The Span Of Empire – Snippet 43


On Strange Shores

Chapter 22

Tully let his breath out after Ban Chao stabilized in the target sun. He could see Lim looking at him from where she sat on one of the jump-seats, and held up a hand. “Don’t say it.”

She closed her mouth and looked at him. He could see the thought behind her eyes. If you don’t like to Frame Point jump, why are you here? But since it was unspoken Tully ignored it.

Vanta-Captain Ginta krinnu vau Vanta stood in the center of the command deck, listening to every conversation and comment, reading the sensor reports from the bottom of the main view screen while he watched the currents of the sun around them. Tully relaxed a bit more when Ginta ordered, “Take the ship out of the corona. Show me damage control reports.”

The sensor report bar shrank in size and the damage control report bar popped into place on the view screen. As a Terran-built ship, the displays usually used human colors as defaults for readouts and reports, so Tully had no trouble translating the mostly green bar with a couple of specks of orange as “Came through with flying colors, maybe scraped the paint a little bit.”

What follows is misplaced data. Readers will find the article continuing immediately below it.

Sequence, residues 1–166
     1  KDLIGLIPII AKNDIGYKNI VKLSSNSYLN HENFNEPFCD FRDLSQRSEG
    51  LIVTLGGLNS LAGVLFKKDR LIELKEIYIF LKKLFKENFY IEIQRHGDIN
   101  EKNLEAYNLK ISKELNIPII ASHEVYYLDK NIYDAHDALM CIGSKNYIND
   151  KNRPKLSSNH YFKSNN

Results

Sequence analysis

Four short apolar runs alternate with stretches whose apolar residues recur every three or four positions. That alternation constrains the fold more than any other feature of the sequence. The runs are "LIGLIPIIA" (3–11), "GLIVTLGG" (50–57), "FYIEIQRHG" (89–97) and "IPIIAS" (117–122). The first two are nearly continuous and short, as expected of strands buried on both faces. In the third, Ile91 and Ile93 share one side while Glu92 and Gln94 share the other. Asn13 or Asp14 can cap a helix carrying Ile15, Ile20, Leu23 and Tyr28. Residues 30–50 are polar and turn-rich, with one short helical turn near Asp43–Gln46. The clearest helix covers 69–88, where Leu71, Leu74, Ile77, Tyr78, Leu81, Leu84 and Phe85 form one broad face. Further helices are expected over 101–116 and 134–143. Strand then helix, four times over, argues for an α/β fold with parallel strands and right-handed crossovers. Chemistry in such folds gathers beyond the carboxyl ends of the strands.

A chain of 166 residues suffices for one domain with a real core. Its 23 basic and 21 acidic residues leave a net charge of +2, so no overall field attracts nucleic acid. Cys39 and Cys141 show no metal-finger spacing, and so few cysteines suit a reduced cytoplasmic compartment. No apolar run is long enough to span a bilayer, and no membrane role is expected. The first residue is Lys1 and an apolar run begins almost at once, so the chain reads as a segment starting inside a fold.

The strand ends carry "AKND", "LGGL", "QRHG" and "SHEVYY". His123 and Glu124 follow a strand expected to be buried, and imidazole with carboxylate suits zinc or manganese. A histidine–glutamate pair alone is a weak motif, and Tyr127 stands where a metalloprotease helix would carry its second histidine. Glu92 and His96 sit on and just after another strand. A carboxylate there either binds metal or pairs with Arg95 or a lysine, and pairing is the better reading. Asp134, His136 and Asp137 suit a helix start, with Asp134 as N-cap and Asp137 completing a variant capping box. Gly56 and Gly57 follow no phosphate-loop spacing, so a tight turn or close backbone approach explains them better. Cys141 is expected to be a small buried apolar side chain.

He pulled his com pad out and checked on the jinau. As they had been doing this whole voyage, they rode out the jump in armor standing in their shock frames. All green there as well . . . wait, there was an orange blip. Tully touched it and it expanded to show detail. He snorted. Apparently Private Ciappa managed to get crossways in his shock frame and got his arm severely bruised in one of the jolts the ship had suffered when it first dropped into the sun.

Tully shook his head as he put the com pad away. You had to wonder about the private. A good kid; honest, hard-working, wanted to do well. Just not the sharpest knife in the drawer. Ah, well, Sergeant Cold Bear would see to him, and probably give him an earful about just how stupid he’d been this time around.